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      • I rarely use Text Speak, but I’ve learned to abbreviate to use Twitter better for marketing.

        English changes by region too. So it can get really confusing. The tax thing must have been a headache.

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      • Myas says:

        I was amazed as it hit me it was a comprehension problem working for our government.

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      • I’m usually surprised when there isn’t a comprehension problem when dealing with government. 🙂

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      • Myas says:

        Good one!

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  3. sknicholls says:

    Present tense seems much more action oriented and animated. I like it in fantasy. You do a good job.

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    • Thanks. It really does require a lot of action and dialogue due to it being in the ‘now’. You can’t use descriptions of what used to be, which is why I have to go dialogue heavy and irritate people. Somebody said it’s like a more detailed script, which I can see. Means it could be easy to switch it to other mediums if I ever reach that level.

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      • sknicholls says:

        True! People have said my book reads like a movie and that has good and bad points for me…one it may not be as introspective as it was intended, but two it is very visual, and I am certain it is because it is dialog heavy…but it works for the story.

        I am not real familiar with fantasy beyond Tolkien, CS Lewis, Rowling…but your style is very unique and I like that. It reminds me of anime in the way that it reads, but with MUCH more interesting and deeply involved characters than I have ever seen in that.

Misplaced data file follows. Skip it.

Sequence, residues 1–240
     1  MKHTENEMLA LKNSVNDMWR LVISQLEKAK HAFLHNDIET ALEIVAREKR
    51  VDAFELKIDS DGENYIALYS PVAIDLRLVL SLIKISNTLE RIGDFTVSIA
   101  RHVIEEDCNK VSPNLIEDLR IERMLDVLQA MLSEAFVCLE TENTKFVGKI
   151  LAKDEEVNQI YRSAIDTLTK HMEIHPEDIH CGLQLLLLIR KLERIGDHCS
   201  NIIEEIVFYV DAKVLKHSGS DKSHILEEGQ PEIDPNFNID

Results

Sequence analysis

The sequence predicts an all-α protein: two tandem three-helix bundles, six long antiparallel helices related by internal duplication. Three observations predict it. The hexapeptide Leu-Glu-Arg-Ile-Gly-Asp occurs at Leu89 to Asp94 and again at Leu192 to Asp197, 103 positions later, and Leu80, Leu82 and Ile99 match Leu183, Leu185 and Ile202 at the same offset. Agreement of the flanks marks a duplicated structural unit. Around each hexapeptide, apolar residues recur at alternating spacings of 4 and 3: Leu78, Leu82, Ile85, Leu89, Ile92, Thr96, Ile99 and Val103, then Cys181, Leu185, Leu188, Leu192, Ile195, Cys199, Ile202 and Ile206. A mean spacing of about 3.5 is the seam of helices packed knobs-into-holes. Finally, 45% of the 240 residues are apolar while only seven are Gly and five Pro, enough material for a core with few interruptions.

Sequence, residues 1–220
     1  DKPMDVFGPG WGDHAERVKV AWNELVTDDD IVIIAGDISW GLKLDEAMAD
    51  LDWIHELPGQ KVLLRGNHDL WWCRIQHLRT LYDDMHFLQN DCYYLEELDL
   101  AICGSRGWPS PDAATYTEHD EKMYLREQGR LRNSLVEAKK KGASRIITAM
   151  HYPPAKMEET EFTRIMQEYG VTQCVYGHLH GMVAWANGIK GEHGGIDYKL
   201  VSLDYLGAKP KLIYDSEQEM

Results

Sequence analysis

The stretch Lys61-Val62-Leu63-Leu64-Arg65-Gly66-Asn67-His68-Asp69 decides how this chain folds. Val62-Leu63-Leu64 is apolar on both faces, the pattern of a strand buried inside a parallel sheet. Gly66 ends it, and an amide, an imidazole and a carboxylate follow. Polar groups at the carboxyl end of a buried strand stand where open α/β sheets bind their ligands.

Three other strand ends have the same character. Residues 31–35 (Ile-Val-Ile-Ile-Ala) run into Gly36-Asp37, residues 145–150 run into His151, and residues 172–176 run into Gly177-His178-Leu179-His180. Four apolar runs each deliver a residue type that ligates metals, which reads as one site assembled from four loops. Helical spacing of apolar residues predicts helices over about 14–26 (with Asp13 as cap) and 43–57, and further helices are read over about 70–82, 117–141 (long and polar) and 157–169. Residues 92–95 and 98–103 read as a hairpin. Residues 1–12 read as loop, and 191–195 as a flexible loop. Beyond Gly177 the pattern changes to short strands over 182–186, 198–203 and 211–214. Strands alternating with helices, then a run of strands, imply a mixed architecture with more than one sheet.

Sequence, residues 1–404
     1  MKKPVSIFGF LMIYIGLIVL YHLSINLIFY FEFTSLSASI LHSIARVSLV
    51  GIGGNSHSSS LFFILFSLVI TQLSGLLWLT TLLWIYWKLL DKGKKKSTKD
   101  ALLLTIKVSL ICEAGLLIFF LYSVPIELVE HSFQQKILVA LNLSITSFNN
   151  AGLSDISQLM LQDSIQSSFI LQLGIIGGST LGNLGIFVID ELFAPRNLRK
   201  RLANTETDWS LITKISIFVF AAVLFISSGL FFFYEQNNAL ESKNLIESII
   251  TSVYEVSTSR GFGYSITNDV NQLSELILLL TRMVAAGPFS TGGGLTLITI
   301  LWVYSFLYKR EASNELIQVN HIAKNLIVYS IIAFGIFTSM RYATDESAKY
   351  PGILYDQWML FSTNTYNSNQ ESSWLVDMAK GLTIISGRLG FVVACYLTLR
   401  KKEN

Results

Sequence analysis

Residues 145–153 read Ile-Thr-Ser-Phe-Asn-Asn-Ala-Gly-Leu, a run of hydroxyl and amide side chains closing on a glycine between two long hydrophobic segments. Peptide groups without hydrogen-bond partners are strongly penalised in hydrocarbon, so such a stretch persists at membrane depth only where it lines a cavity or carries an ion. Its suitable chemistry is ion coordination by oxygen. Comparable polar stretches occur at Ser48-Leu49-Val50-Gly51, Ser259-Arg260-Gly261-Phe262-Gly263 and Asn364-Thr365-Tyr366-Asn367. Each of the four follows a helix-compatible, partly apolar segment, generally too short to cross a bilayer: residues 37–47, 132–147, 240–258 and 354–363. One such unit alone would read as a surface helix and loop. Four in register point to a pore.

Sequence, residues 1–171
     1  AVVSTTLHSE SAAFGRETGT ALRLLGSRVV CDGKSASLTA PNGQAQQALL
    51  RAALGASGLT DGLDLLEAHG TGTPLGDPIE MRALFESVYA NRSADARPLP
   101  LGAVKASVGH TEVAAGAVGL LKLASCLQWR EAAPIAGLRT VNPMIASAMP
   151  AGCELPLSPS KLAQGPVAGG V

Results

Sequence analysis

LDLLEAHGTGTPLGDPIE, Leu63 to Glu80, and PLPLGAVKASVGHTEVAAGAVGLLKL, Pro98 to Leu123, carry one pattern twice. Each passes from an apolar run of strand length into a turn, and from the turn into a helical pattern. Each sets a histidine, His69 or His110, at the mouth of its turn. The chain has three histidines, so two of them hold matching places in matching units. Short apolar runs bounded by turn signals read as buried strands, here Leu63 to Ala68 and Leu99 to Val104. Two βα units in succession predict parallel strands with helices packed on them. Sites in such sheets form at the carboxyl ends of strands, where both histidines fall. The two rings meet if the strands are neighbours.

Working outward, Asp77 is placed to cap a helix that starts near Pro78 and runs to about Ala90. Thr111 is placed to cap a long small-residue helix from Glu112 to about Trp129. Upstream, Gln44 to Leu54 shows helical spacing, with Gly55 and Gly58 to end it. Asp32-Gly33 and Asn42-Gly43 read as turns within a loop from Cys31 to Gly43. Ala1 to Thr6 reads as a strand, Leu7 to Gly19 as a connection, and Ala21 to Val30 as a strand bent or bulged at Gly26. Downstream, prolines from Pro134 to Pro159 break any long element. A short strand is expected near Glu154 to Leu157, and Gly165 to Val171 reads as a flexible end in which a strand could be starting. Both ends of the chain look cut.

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      • I definitely don’t follow the full style of a lot of the fantasy masters. The tense is a major part of that, but I do use many of the tropes that some authors are trying to toss. Always surprised by how many people want classic monsters removed, but they all have that one creature that is a ‘must’.

        Maybe in a society where movies and TV are more prevalent hobbies than books, being told your book reads like a movie is a big compliment. It’s like you crossed the gap between mediums.

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      • sknicholls says:

        I think your characters are very deeply developed, colorful and have their own unique personalities. I see some of the classic monsters as sort of expendables and rightly suited for their purpose in the stories.

        This is a side note that you may think is silly, but my son is a great fan of animee. He doesn’t read much but has read your first book and loved it. I am sending him the other two when he gets his own reader. He is 28 yo. Have you ever thought about getting translated into Japanese and hitting that market. They love American artists. He is isolated out in the country. Most of my son’s friends are Japanese he has met online. He plays games with them and translates. He is learning their language slowly. They often recommend books to him.

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      • I try to pull monsters from various mythologies, so I like having a variety. So, while they are expendable in the way that they can be killed off without much fuss, I do hope I bring in some awe with them.

        It’s been suggested and I was going to work with someone years ago on a Legends of Windemere manga. It didn’t pan out because of time, resources, and schedules. I’d love to get it translated for Japan, but I’m not sure how one would do that.